Syrians march to support renewal of Assad's mandate

Over 300,000 attend government-sponsored rally ahead of Sunday's referendum, when voters are expected to reelect Assad.

Assad nice 224.88 (photo credit: AP [file])
Assad nice 224.88
(photo credit: AP [file])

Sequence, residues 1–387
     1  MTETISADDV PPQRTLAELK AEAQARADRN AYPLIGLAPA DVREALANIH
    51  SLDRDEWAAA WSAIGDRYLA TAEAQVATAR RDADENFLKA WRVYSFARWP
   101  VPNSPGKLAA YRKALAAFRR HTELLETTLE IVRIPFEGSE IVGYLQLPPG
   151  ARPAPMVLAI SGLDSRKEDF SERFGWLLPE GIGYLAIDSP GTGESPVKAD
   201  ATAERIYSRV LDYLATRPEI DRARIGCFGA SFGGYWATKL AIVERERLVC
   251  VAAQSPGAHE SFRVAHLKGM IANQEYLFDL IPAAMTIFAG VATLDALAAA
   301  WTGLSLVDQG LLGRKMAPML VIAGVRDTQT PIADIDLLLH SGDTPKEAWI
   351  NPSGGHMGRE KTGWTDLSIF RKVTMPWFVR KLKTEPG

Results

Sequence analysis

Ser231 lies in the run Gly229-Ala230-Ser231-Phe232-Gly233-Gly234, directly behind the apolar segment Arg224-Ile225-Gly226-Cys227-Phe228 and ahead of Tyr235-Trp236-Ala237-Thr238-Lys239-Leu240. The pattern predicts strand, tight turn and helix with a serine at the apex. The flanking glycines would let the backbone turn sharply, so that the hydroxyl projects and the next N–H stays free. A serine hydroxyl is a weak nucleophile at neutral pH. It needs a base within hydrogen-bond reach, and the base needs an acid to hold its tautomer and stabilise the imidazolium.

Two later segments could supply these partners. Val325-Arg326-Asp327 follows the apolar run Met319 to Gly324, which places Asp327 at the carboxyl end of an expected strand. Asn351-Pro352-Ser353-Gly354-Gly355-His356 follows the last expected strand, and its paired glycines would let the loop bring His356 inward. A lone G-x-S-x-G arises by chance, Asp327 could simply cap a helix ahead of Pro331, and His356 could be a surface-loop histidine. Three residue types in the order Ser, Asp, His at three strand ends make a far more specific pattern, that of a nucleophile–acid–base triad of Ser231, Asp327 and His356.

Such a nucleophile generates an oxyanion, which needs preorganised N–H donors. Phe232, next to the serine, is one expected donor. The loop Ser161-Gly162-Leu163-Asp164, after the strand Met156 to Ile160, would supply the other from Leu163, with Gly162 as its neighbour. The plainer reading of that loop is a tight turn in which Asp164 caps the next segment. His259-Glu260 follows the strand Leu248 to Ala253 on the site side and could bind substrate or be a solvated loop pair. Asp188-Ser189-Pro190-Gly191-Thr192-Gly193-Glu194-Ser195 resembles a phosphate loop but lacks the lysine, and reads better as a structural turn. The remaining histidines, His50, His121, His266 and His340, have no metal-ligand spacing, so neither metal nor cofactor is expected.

Hundreds of thousands of Syrians thronged the main square of the capital on Thursday to support a second seven-year term for President Bashar Assad. The rally of more than 300,000 came ahead of a referendum on Sunday when voters are expected to approve a second mandate for Assad, who succeeded his farther Hafez Assad in 2000 at the helm of Syria's autocratic regime. There are no other candidates. The demonstration was headed by a number of Syrian officials and ministers. It was one of several rallies held across Syria since parliament, dominated by the ruling Baath Party, unanimously nominated 41-year-old Assad for a second term. Celebrations have been held throughout the country and are expected to continue until after the referendum. Thursday's demonstration in the central Sabaa Bahrat Square of the capital Damascus, was deemed to be the largest of the ongoing campaign. Parties continue at night, with food and drinks distributed by authorities to people dancing and chanting pro-Assad slogans. Streets in Damascus are lined with posters of Assad and of a large fingerprint as a show of support for the president: In the previous referendum, many Syrians had dipped their thumbs in their own blood or in ink to stamp the referendum bulletin in his favor. Cars decorated with Syrian flags and pictures of Assad jam the streets, and a new song released for the referendum under the title "We love you" blares from speakers of cars and shops. "I will elect Assad, because he is the best," said Sharif Kawkabi, 25, a driver. "Had there been hundreds of candidates for presidency, I would still choose him." Bashar raised high hopes among Syrians when he came to power, leading a campaign to modernize the country with several economic reforms and freeing hundreds of political prisoners. But the president has since clamped down on pro-democracy activists, showing the limits of his reforms and attracting harsh criticism from human rights groups.